Well, here we are. The last episode of the original series. How did Star Trek, a show remembered today for its progressive, humanist politics, a show that made distinctive statements on the evils of racism and how we’re all in this together, go out with its last episode?
With an episode that is oh so blatantly sexist.
Now, I always believe in being fair, and to be fair, the producers and actors and everyone else involved probably had no idea this would be the last episode. It may or may not have been the last one the show produced and then the network just scheduled it for last. For all I know, the network deliberately chose the last few episodes to be among a lot of forgettable or bad episodes in order to prevent another letter writing campaign from keeping Star Trek on for a fourth season. Why request the return of a crappy show?
Well, anyway, here we are. The episode that suggests women can’t be starship captains because, well, they be cray-cray or something. On a mission to check up on a dying scientist by the name of Dr. Janice Lester, an old flame of Kirk’s, there’s some tension and then the ham begins.
It occurs to me the first episode of this show to actually air featured a visit to an old flame of McCoy’s. These visits never work out.
Case in point, though told Dr. Lester is dying of some strange radiation illness, once Kirk is left alone with her, Lester knocks him into some kind of machine and switches bodies with him. But somehow, now in Kirk’s body, she can’t bring herself to kill Kirk in her own. Instead, she’s going to take over the Enterprise–as she believes it’s her due–and abandon Kirk somewhere with her accomplice/assistant.
Now, Kirk-in-Lester’s body spends a lot of time either locked up or tranquilized. But surely Lester just not having Kirk’s knowledge on what he’s supposed to be doing will be enough to unseat her, right?
Well, maybe. That’s here. But the real problem is Lester, as described by Kirk, hates her own femininity and wants something she isn’t suited for, namely what he has. So, why not kill Kirk and take his place?
Oh, that logic hurts so much.
But even if that weren’t enough, we get some really, really prime Grand H Shatner Ham as William Shatner just…loses it. Shatner never reached this level of scenery chewing in any other episode of the series. Is this, honestly, Shatner’s idea of what an angry woman looks and sounds like?
By contrast, guest star Sandra Smith actually does a decent turn as Kirk in a woman’s body. She’s reminiscent of Shatner without sounding like she’s doing an impersonation. I can’t explain it any other way.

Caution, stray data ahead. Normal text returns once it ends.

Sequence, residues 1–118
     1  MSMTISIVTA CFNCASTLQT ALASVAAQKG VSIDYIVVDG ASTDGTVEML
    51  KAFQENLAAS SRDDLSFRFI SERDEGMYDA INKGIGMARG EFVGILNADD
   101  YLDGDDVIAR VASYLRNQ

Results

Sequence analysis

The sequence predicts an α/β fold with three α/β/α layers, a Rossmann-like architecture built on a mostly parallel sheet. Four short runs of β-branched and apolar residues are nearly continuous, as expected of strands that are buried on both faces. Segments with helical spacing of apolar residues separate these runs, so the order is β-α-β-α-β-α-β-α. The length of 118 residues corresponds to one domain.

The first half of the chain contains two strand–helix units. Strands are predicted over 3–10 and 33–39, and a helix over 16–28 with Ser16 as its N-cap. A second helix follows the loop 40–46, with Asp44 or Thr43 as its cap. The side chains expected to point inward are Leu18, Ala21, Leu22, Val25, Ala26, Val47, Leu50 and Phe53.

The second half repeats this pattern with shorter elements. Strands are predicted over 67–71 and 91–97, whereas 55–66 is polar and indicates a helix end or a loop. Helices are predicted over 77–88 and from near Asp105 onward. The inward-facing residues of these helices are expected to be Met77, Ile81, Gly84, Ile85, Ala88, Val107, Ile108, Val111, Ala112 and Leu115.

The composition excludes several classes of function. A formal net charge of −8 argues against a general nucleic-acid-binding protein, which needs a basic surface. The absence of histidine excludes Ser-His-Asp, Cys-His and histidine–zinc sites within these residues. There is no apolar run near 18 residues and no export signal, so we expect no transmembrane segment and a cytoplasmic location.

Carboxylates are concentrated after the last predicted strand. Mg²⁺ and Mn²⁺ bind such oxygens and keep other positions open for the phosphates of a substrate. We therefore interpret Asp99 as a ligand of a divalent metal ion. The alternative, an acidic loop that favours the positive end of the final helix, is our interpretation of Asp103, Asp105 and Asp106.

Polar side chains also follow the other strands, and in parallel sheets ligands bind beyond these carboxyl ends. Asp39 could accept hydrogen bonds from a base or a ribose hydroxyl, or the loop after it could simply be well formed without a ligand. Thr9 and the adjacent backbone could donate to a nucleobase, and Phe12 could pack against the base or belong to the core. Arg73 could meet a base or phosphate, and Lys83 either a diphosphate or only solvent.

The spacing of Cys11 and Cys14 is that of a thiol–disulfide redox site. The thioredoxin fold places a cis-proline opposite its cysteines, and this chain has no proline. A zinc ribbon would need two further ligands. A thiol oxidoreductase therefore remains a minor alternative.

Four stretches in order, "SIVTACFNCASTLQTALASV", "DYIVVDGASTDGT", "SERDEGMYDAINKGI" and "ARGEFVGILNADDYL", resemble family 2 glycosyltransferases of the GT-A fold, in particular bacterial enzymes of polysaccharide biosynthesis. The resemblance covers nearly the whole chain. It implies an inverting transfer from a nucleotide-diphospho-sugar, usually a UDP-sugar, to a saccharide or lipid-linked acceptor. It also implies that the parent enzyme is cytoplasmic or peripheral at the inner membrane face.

But all that blatant hysteria (not her general lack of knowledge on Starfleet procedures) is what gets her caught. Spock first, of course, as Kirk-in-Lester’s body tries citing old adventures only for Spock to point out that stuff could come from Starfleet records, but a mindmeld convinces him. McCoy and Scotty, brought in to to see to Spock’s court martial, recognize that Kirk ain’t right though McCoy was already on his way there. And then even Sulu and Chekov decide not to follow orders when Lester-as-Kirk orders executions for Spock, McCoy, and Scotty. Granted, Sulu tried to explain why there wasn’t a death penalty anymore, but that just isn’t helping.
As for Uhura, she’s not in this one. Good for her.
Say, Kirk spends a lot of time shirtless in this episode. Was Lester checking her new body out? I mean, it was for a physical in SickBay, but that thought did cross my mind.
So, while Shatner rages out of control emotionally and loses the crew just as easily, I do have to ask: is Star Trek saying Lester is how all women would be if put in control of a starship or just this particular woman?
I think the episode attempts to frame it as the latter, but the former is how it comes out. Shatner’s acting in this episode really doesn’t help. The faces he makes when the body switch starts to wear off are priceless in their unintentional hilarity.
But as a last episode, however unintentional, I think I do have one final thought. So many episodes have Kirk romancing a new woman. Sometimes it ends tragically in all kinds of ways, but it still ends. Maybe what this is showing how Kirk’s philandering ways can come back to bite him in the ass. Yes, the episode suggests Lester’s own personality was the cause of the break-up, but can you imagine for a moment Kirk taking responsibility for one of his past relationships not working out? We’ve seen the guy lose a wife on a planet full of Native American stereotypes and somehow shrug off a chemically-induced permanent love for a spoiled princess without really getting too upset. You gotta figure sooner or later, one of those women might come back with something more than an unexpected Jim Kirk Jr. We’ll save that for Star Trek II.
But hey, if we are at the end of this segment of the Star Trek trek, am I done? Well, not quite. I think it may be time to take a look at the cheap and short-lived animated series.
But, for the original series, let’s give it an 8 out of 10 girl in every space port. Good and great episodes are abound, but the bad ones are truly terrible.